I originally though I was able to catch all of the broken packages; but since then, another one appeared with the same gdk_string_width() error, so I decided running the tinderbox specifically against the gkrellm plugins; there was another one missing and then I actually found all of them. A few more were reported ignoring LDFLAGS, but nothing especially bad turned up on my tinderbox.

What it did show though, is that the ignored LDFLAGS are just a symptom of a deeper problem: most of the plugins have broken Makefile that are very poorly written. This could be seen in a number of small things, but the obvious one is the usual ”job server unavailable” message that I have written about last year.

So here’s a good checklist of things that shows that your Makefile is broken:

  • you call directly the make command — while this works perfectly fine on GNU systems, where you almost always use the GNU make implementation, this is not the case in most BSD systems, and almost always the Makefile is good enough only to work with the GNU implemenation; the solution is to call $(MAKE) which is replaced with the name of the make implementation you’re actually using;
  • it takes you more than one command to run make in a subdirectory (this can also be true for ebuilds, mind you) — things like cd foo && make or even worse (cd foo; make; cd ..; ) are mostly silly to look at and, besides, will cause the usual jobserver unavailable warning; what you might not know here is that make is (unfortunately) designed to allow for recursive build, and provides an option to do so without requiring changing the working directory beforehand: make -C foo (which actually should be, taking the previous point into consideration, $(MAKE) -C foo) does just that, and only changes the working directory for the make process and its children rather than for the current process as well;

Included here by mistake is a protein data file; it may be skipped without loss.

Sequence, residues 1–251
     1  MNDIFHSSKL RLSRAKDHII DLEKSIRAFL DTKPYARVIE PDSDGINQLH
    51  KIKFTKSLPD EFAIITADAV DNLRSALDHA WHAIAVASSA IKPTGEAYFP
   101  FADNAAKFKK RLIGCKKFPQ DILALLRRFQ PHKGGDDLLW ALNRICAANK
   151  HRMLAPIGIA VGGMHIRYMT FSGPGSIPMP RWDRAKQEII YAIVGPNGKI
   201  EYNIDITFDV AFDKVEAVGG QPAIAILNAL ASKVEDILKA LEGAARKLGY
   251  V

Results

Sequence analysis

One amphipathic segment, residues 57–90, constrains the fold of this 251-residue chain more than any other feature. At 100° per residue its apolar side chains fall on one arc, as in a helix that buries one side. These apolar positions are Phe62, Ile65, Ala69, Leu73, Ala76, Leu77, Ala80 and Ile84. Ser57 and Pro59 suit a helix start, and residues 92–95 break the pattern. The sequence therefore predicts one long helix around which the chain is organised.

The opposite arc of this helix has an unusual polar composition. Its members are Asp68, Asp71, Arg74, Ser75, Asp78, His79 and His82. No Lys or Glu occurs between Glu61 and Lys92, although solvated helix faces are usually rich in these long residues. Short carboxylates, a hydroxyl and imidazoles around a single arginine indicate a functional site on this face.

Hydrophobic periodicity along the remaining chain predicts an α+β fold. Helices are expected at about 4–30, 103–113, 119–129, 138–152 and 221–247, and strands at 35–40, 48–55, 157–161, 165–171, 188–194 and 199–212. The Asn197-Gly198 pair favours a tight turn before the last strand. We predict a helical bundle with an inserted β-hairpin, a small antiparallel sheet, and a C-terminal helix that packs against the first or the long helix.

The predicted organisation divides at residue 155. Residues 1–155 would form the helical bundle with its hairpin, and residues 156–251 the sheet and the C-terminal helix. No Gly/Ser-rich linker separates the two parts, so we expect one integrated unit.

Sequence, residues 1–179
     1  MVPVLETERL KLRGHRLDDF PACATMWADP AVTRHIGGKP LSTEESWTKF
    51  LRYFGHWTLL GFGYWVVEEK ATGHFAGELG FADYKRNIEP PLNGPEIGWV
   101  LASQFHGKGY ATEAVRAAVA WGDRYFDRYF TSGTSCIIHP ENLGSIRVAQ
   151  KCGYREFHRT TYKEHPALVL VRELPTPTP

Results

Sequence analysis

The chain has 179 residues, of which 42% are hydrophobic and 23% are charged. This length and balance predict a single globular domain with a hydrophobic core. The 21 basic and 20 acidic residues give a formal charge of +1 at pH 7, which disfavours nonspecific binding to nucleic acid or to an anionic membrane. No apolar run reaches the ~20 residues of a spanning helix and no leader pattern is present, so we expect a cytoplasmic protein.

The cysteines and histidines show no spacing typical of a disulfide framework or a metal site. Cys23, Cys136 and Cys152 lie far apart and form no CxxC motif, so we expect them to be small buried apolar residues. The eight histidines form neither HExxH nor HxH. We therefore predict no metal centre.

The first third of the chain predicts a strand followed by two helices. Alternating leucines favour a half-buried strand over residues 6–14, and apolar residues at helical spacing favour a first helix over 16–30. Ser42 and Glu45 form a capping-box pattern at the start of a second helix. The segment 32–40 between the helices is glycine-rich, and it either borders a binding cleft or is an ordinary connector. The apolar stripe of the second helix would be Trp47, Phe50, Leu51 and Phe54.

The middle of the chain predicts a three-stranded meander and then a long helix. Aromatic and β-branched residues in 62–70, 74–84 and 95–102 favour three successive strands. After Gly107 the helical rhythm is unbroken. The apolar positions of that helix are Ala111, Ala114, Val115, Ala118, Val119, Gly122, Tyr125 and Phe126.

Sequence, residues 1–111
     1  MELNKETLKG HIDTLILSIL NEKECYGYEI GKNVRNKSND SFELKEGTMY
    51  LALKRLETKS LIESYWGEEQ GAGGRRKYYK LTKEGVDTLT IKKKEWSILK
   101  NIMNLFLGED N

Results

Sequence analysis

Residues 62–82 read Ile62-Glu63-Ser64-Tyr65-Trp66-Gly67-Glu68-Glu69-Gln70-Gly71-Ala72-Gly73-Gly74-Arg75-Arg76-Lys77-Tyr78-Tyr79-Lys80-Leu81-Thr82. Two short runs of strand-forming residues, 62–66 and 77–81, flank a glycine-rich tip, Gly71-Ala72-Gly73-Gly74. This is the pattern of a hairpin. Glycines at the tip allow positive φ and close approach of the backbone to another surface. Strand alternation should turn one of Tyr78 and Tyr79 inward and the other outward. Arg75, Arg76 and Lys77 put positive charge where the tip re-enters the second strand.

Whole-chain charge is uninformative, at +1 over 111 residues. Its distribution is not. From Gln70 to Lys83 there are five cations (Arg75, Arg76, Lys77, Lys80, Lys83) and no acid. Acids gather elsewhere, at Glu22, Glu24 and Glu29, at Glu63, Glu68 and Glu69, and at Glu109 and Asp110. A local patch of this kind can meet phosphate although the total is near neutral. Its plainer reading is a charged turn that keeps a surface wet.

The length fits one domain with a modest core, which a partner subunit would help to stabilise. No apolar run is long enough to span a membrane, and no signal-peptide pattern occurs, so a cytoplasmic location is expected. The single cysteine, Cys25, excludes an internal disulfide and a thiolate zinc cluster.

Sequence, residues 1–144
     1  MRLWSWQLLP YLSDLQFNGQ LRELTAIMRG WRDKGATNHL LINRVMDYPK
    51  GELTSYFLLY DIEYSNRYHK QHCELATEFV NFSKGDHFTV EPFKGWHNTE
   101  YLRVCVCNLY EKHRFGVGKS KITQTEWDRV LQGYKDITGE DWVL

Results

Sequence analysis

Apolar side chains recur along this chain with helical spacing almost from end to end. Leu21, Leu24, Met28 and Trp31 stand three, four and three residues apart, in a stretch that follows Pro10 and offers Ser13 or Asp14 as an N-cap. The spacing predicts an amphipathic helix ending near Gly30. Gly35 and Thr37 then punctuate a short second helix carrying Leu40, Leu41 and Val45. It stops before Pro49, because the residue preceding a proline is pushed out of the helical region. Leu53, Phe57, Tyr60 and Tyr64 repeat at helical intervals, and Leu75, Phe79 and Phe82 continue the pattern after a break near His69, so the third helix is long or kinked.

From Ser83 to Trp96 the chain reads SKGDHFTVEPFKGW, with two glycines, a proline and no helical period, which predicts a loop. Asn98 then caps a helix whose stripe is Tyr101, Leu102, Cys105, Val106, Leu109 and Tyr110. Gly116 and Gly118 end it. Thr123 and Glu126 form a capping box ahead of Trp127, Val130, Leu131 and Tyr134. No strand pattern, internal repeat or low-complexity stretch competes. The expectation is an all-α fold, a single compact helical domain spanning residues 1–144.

• it doesn’t use the builtin rules — why keep writing the same rules to build object files? make already knows how to compile .c files into relocatable objects; instead of writing your rules to inject parameters, just use the CFLAGS variable like make is designed to do! Bonus points if, for final executables, you also use the built-in linking rule (for shared objects I don’t think there is one);
  • it doesn’t use the “standard” variable names — for years I have seen projects written in C++ insisting on using CPP and CPPFLAGS variables, well that’s wrong, as here “cpp” refers to the C Pre-Processor; the correct variables are CXX and CXXFLAGS; inventing your own variable names to express parameters that can be passed by the user tends to be a vary bad choice, as you break the expectations of the developers and packagers using your software.

Now, taking this into consideration, can you please clean up your packages? Pretty please with sugar on top?

Problems and mitigation strategies for –as-needed

Doug and Luca tonight asked me to comment about the --as-needed by default bug. As you can read there, my assessment is that the time is ready to bring on a new stage of --as-needed testing through use of forced --as-needed on specs files. If you wish to help testing with this (and I can tell you I’m working on testing this massively), you can do it by creating your own asneeded specs.

Note, Warning, End of the World Caution!

This is not a procedure for the generic users, this is for power users, who don’t mind screwing up their system even beyond repair! But it would help me (and the rest of Gentoo) testing.

First of all you have to create your own specs file, so issue this command: